Federal Budget 2021 - Find out more about the key proposed changes below and what they could mean for you. These proposed changes will come into effect 1 July 2022.

Before we start, we’d like to thank our members for making Australia a ‘nation to be proud of’.

In the words of the Treasurer, faced with a once-in-a-century pandemic, the Australian spirit shone brightest in so many of our members – the doctors, nurses, teachers and emergency workers on the frontline. Thank you.

1. Getting the most out of your super

What’s changed?

The First Home Super Saver Scheme is designed to help more Australians save for a first home using their super. Saving inside super is beneficial because you can pay less tax on your super than you do on savings outside of super. The change raises the amount you can save inside super to $50,000, up from $30,000.

What it means for you

This is good news for younger members or even older members saving for their first home –the tax-advantaged nature of super means you can reach $50,000 more quickly than if you were saving outside of super. It’s easy to make additional contributions through our mobile app – you can download it now.

For more about the changes to the First Home Super Saver scheme, read our article, Now save even more for your first home through your super.

What’s changed?

Before the announcement last night, employers were only required to pay super for their employees if the employee earned more than $450 per month. And as an employee, even if you worked for multiple employers and earned more than $450 per month in total, but not more than $450 per month from any one employer, you received no super payments. The announcement tonight removed the $450 per month threshold.

What it means for you

Super will now be paid on your behalf by all employers, regardless of how much you earn. This is great news for all Australians, because it opens up the super system to all workers and helps everyone save for their retirement.

The Superannuation Guarantee is legislated to increase over time to 12% - SG will increase to 10% on 1 July 2021.

2. Retirees and super

What’s changed?

The minimum age for the downsizer contribution will be lowered from 65 to 60. This will allow Australians nearing retirement to make a one-off after-tax contribution of up to $300,000 for an individual, or $600,000 for a couple, when they sell their family home.

What it means for you

This improves the flexibility for Australians to contribute to their superannuation savings and may encourage people to downsize sooner and increase the supply of family homes.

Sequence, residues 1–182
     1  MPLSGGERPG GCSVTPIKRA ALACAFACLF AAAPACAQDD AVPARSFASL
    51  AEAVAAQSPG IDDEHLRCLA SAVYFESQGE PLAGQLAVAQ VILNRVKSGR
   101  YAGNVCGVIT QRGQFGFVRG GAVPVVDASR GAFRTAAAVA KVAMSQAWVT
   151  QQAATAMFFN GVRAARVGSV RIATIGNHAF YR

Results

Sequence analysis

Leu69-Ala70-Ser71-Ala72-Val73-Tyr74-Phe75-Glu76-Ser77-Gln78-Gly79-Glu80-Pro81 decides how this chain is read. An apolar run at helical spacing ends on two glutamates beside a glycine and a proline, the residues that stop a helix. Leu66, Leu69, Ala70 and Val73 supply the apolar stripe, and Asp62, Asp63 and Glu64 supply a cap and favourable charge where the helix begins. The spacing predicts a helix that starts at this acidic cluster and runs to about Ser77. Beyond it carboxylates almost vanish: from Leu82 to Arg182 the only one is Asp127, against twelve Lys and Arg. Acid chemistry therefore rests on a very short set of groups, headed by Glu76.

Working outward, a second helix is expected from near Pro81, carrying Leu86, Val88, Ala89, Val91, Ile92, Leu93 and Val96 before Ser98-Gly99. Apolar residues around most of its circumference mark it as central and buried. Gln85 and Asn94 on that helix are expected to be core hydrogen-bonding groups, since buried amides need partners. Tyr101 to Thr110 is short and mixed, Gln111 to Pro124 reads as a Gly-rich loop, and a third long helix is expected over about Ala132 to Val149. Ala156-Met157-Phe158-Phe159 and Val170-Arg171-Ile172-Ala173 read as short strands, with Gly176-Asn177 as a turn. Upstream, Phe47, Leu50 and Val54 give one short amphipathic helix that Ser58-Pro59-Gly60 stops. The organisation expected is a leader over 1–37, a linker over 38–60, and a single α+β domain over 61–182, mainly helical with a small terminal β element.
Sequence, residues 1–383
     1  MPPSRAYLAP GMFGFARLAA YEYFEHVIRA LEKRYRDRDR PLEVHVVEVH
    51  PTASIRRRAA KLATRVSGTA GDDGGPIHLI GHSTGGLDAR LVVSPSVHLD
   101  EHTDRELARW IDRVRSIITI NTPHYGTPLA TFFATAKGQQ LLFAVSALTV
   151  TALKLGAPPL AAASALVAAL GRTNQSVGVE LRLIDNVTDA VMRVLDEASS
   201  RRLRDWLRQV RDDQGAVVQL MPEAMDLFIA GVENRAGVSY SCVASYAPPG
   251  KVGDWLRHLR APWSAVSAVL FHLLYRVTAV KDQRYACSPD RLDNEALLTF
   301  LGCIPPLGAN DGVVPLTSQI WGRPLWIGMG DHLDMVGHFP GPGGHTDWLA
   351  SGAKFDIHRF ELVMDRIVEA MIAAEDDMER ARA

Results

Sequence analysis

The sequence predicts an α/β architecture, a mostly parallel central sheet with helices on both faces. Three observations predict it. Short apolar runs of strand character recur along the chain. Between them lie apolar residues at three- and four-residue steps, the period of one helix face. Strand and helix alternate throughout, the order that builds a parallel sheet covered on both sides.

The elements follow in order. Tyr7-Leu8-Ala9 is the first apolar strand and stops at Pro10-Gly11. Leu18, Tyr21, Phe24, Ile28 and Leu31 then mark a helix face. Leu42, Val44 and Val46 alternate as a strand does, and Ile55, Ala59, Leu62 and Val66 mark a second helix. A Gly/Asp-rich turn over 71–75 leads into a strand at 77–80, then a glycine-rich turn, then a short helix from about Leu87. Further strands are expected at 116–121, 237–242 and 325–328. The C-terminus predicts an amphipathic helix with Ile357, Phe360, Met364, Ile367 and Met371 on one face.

Downsizer contributions can be made after the sale of a person’s principal place of residence, held for a minimum of 10 years and you do not need to meet the work test. It is also important to note that making a downsizer contribution may affect your eligibility for Centrelink pension.

For more about downsizer contributions, read our article, Use your home to fund your retirement.

What’s changed?

If you’re aged 67 to 74, you’ll no longer need to meet the work test when making, or receiving, non-concessional (after-tax) superannuation contributions or salary sacrificed (before-tax) contributions.

What it means for you

This improves the flexibility for older Australians to continue to contribute into their super, allowing retirees to add more to their super more freely, without having to satisfy any work test. If you make personal concessional contributions, you will still need to complete the work test.

Keep in mind, that the existing $1.6 million cap on lifetime superannuation contributions will continue to apply (increasing to $1.7 million from 1 July 2021). The annual concessional and non-concessional caps will also continue to apply.

For more about the changes to the work test, read our article, Adding to your super will get easier.

3. Other financial changes you may benefit from

What’s changed?

he Federal Government will pick up the tab for up to 95% of your daily childcare fee, if you have more than one child in childcare and earn less than $90,000.

What it means for you

If you’re a parent, this measure is intended to help you get back into the workforce or increase the amount of paid work you do by subsidising the cost of childcare. Whether the subsidies available provide meaningful financial assistance depends on the amount you earn, and how many children you have.

What was announced and what it means for you

The low and middle-income tax offset is a rebate of up to $1,080 for singles and $2,160 for dual-income couples. It’s been extended for another year, and will benefit you if you are one of the 10 million Australians who earn less than $90,000 p.a.